A Japanese Summer

13th August 2018

Over the last eight years, The J-Fest has become something of a tradition in Moscow. This year, however, is special as this festival of Japanese culture will be held in the open air. Ogoniok has more details.

Lightweight yukata kimonos, taiko drums and traditional dances all play a key role in the Natsu Matsuri Japanese Summer Festival.

j-fest in moscow

Nikita Aronov

Bon odori is a dance performed under the glow of paper lanterns, around a special raised platform designed for musicians and known as a yagura. All this is part of Obon, the ancient festival of remembering the dead, which has now all but lost its mystique and become a national summer festival celebrated throughout Japan in July and August. This year, for the first time, Japanese visitors will be able to meet Muscovites and other visitors, when, on 15-16 July, Gorky Park hosts the open-air festival J-Fest, the J, of course, being short for Japan.

The capital’s main park will also host a yagura, and the famous dancer Mao Aska will be holding a master class in bon odori, so that anyone who wishes can take part in this ancient but relatively uncomplicated dance routine. Meanwhile, on another platform there will be continuous contests of the Nintendo Wii game ‘Just Dance’. This is the plan for the great Japanese festival in Moscow; a mixture of ancient traditions and contemporary mainstream culture.

It is just eight years since it first began with the Japanese Pop Culture Festival, organised by the Japanese Embassy in a Moscow film-theatre and featuring anime cartoons, manga comics and singers wearing the checked skirts of Japanese schoolgirls. “Almost 5,000 people attended this one-day event”, recalls Olga Monakhova, Director of the International Chodiev Foundation, the festival’s main sponsor over the years. “The queue of people waiting to enter stretched right back to the Sadovoye Koltso road. The festival subsequently became a yearly event, but it has steadily grown. Now, it’s hard to imagine our capital city’s cultural life without the J-Fest.”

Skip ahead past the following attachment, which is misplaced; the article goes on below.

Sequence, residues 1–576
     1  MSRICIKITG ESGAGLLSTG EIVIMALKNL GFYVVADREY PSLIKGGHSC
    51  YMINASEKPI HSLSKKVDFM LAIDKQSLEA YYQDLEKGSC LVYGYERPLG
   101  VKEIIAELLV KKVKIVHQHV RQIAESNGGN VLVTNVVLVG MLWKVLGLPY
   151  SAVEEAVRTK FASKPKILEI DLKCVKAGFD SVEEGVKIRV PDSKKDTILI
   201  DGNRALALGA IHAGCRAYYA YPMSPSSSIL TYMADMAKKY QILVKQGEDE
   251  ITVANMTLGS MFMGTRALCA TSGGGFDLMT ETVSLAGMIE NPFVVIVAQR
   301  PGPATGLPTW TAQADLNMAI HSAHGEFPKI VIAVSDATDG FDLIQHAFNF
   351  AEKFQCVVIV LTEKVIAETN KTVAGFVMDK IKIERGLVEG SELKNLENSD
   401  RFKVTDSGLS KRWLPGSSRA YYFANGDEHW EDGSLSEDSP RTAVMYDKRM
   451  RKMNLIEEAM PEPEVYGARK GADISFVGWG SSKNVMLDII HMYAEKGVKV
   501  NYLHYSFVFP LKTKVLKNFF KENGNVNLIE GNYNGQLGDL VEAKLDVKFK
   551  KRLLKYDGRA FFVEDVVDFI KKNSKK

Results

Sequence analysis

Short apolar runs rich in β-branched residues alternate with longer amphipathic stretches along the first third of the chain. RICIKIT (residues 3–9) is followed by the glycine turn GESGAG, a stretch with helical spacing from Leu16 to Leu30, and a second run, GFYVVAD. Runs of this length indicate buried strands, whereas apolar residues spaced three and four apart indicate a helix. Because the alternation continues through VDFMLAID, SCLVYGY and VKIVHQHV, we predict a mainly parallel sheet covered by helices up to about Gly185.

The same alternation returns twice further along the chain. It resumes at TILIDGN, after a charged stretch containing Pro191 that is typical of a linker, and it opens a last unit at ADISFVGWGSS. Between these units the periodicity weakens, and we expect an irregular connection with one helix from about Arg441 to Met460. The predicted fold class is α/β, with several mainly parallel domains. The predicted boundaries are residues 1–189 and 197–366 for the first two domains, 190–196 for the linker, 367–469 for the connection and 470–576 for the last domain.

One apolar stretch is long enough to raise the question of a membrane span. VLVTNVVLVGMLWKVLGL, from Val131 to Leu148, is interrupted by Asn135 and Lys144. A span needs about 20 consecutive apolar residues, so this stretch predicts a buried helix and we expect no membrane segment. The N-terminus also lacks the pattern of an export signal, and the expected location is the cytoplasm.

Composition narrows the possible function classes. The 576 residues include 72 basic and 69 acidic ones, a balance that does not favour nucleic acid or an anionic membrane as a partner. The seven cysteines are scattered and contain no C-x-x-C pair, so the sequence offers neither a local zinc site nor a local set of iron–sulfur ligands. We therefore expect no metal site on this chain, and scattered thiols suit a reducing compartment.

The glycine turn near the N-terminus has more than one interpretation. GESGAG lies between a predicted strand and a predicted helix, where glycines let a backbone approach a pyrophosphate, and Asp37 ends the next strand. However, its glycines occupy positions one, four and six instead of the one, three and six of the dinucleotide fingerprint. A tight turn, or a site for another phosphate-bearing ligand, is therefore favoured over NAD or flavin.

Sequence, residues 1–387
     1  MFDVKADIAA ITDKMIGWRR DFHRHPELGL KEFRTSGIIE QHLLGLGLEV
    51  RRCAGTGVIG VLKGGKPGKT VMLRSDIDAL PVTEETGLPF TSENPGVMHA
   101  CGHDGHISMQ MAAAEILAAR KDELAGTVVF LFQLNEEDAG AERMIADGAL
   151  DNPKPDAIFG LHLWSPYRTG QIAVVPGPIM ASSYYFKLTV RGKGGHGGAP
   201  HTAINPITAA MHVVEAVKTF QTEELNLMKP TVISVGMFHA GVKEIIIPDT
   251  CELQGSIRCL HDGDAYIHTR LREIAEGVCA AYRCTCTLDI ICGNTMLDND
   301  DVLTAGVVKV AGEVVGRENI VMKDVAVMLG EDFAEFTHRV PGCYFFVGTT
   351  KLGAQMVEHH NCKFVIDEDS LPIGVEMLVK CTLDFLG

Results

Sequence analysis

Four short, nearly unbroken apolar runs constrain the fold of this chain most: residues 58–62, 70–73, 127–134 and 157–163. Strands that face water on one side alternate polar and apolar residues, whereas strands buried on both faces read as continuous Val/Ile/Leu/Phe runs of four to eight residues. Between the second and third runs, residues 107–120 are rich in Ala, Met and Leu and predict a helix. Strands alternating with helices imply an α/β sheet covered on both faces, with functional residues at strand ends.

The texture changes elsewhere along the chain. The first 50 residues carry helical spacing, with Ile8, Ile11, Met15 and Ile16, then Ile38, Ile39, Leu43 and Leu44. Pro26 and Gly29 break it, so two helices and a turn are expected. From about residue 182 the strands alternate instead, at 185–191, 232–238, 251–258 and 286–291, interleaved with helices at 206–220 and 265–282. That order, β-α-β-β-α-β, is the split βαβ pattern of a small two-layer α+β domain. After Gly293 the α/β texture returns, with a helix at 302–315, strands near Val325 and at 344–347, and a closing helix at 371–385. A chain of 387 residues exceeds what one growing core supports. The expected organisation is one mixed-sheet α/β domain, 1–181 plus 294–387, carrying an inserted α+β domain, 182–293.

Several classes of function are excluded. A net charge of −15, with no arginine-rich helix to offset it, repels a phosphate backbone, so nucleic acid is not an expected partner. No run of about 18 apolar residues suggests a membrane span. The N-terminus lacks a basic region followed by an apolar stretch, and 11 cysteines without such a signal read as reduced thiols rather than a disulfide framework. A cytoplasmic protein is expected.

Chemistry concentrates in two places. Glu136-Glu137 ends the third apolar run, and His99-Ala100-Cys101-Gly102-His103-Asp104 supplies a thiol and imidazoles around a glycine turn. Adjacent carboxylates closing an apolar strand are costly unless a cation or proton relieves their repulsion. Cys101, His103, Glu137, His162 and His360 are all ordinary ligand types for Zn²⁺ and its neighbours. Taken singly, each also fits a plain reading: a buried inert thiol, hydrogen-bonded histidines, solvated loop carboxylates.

“Once, while in Moscow, I visited the traditional Bunraku puppet theatre and was amazed to see the hall full of a very informal and youthful audience: lots of brightly dressed young people with colourful hair and zany handbags”, said festival producer Yukiko Kase. “In Tokyo, you only see more formal adult visitors at these shows. It was once like that in Moscow; traditional Japanese art generally only used to be of interest to the older intelligentsia. Russia, however, now has a new generation that has grown up with anime films and they are fanatical about J-Pop and manga. More specifically, the passion for this Japanese subculture has led to a desire to learn more about this culture’s country of origin and its traditions, history and language. For me, this interrelationship was a veritable revelation.

Since then the festival programme has included more and more traditional Japanese components and the coming festival in Gorky Park will combine award-winning contemporary Japanese media art displays with bonsai and ninja workshops. The festival soon outgrew its closed environment, with 20,000 visitors last autumn, and as a result it has now been decided to turn J-Fest into a free open-air summer festival.”

“It will be a completely different kind of festival. For the first time in Russia, we are holding a traditional Natsu Matsuri summer event. These festivals are held all over Japan in July and August. It’s a time of mass celebrations, national dances, summer yukata kimonos and the preparation of special dishes”, Yukiko Kase told Ogoniok. We want to create the unique Natsu Matsuri atmosphere in Moscow so we are putting together a programme that makes people feel as though they have really experienced a traditional Japanese summer.

The Natsu Matsuri in Moscow will be visited by Japanese celebrities, including, for example, the world-famous Aska-Gumi drum troupe. A master class in the Japanese cup-and-ball game (kendama) will be taken by the Master Yusuke Ito, holder of several Guinness World Records. The organisers have promised that this Japanese summer in Gorky Park will surprise even the most demanding guest with its range of opportunities to become familiar with Japanese culture; it will stage not only origami, ikebana, martial arts and magna, well-known to the Russian public, but also lesser known arts such as temar embroidery, pottery and many others. There will be opportunities to study Japanese art and the Japanese language, have a hieroglyphic tattoo, enjoy traditional food and buy typically Japanese goods.

Most notably, not only guests from Japan but also our compatriots will be involved in staging the wonders of this festival. The ikebana workshops, for example, will be held by Tatyana Kuzmina and Larisa Rumyantseva, professors from the Ikenobo Institute in Russia and the CIS. Lessons in the game of Go will be given by Alexei Kozhunkov, who taught many Russian and European champions how to play this ancient game. Workshops on Noh theatre masks will be given by Maxim Mikhailov, a renowned mask artist and student of the master Akira Kurabayasi.

J-FEST is a place where we will come to realise that the impact of Japanese culture is far more widespread in Russia than it appears at first sight.

The festival soon outgrew its closed environment, with 20,000 visitors last autumn.